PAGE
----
REVIEW: Son (2021)

dir. Ivan Kavanagh.

Laura (Andi Matichak) drives through the sleeting rain, the religious zeal of radio preachers merging with the cacophonous storm outside. Seeking shelter at a diner she clutches her pregnant belly, wearing only a dirtied night dress, her bare feet filthy. Unseen, two men dressed in black enter, see her, and slip wordlessly into the booths behind, eyes locked on their prize.

It’s a tremendous opener, and one emblematic of Kavanagh’s taut composition, threats constantly lurking at the edge of the frame whilst our point-of-view (and paranoia) remain linked to Laura. We soon learn that she has her baby and – though initially adamant she doesn’t want him – a flash-forward reveals her to be a good mother, raising son David (Luke David Blumm) by herself in a nice neighbourhood with a stable job. David himself seems blissfully unaware of whatever past trauma prefigured his birth, and Laura too appears to have moved on. That is until a late-night moment of horror – and David’s ensuing mystery illness – alters the trajectory of their idyllic lives forever.

This catalytic nocturnal sequence is amongst the very best scenes of the year, and is only the first in a series of exemplary moments which eschew traditional jump-scare-tactics for a more sublime sort of unease. It’s true that as the plot unfolds the narrative beats are familiar, drawing from genre-mainstay Rosemary’s Baby in particular, but everything is executed with such restraint so as to exquisitely ramp up not only the tension but also the aching empathy for Laura as a woman increasingly isolated from (or possibly entrapped by) those around her.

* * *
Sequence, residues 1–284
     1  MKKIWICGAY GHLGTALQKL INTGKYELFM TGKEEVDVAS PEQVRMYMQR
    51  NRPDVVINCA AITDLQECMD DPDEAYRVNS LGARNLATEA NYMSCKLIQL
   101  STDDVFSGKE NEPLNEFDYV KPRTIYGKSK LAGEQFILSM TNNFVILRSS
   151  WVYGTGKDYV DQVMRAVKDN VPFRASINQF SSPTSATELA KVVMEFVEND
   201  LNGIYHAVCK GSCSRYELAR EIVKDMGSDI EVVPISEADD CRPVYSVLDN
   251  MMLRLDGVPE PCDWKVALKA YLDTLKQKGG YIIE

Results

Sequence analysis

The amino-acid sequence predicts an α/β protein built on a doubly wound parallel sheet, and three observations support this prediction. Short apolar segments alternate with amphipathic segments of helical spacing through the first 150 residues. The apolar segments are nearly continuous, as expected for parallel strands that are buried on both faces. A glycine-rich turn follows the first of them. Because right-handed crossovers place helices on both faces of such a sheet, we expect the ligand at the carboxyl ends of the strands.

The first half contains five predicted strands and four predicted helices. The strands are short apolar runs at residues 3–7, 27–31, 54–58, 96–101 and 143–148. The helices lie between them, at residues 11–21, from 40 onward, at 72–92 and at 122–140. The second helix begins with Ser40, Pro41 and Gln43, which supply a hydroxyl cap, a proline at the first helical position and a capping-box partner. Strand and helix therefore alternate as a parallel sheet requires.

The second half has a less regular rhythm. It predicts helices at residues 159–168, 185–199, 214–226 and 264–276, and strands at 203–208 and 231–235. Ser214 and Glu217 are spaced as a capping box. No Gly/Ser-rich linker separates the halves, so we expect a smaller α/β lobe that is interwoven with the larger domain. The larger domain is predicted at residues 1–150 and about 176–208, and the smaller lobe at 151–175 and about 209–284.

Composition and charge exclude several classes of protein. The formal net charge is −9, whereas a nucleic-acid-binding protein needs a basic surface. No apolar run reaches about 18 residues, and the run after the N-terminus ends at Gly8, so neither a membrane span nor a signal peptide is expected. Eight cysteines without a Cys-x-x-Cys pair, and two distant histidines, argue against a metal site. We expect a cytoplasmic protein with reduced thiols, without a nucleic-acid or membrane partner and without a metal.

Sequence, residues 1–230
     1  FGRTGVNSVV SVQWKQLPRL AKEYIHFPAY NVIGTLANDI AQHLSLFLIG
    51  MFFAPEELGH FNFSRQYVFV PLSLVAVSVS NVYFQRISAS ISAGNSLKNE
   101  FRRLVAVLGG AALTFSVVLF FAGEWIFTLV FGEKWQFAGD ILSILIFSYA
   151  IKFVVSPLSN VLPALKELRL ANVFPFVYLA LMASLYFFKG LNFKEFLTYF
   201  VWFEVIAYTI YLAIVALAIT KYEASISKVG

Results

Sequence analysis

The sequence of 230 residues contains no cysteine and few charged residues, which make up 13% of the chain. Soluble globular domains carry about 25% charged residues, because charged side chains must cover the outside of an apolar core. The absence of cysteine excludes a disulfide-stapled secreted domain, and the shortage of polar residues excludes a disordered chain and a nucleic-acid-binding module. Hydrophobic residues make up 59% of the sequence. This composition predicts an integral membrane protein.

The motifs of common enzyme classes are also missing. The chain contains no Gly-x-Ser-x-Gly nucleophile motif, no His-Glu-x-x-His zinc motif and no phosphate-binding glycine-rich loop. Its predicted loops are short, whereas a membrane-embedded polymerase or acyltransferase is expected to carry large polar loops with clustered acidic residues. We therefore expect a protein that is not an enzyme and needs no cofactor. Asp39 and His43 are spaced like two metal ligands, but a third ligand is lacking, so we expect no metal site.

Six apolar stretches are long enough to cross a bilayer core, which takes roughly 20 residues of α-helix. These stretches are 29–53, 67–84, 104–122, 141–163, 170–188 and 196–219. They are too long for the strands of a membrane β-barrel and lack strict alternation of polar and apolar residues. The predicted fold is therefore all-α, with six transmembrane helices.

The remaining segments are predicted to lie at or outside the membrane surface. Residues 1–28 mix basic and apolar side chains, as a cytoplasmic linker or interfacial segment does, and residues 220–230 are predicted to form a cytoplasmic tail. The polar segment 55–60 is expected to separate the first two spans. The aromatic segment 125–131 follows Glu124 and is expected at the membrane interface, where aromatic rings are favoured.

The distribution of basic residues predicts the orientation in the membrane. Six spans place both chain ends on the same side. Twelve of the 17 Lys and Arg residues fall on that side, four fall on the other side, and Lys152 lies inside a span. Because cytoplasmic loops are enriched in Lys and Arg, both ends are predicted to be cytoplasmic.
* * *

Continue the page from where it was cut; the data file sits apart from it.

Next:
This is anchored in Matichak’s superb performance, Laura’s humanity deeply enriching the “is-she-isn’t-she-mad” trope, whilst Emile Hirsch is excellent as the cop assigned to her case (and maybe the last person who believes her increasingly outlandish theories about what’s happening). Their dynamic – as much as Laura and David’s relationship – is at Son’s heart: a woman disclosing secret nightmares and the male protector who could be her only ally.

Ultimately there are few narrative surprises as things move inexorably towards its conclusion, but this in no-way diminishes the journey: a tightly told, caustic and textured tale of a woman alone, the tenderness of her maternal love and a patriarchal world of terror.

⭐⭐⭐⭐⭐

Tim Coleman

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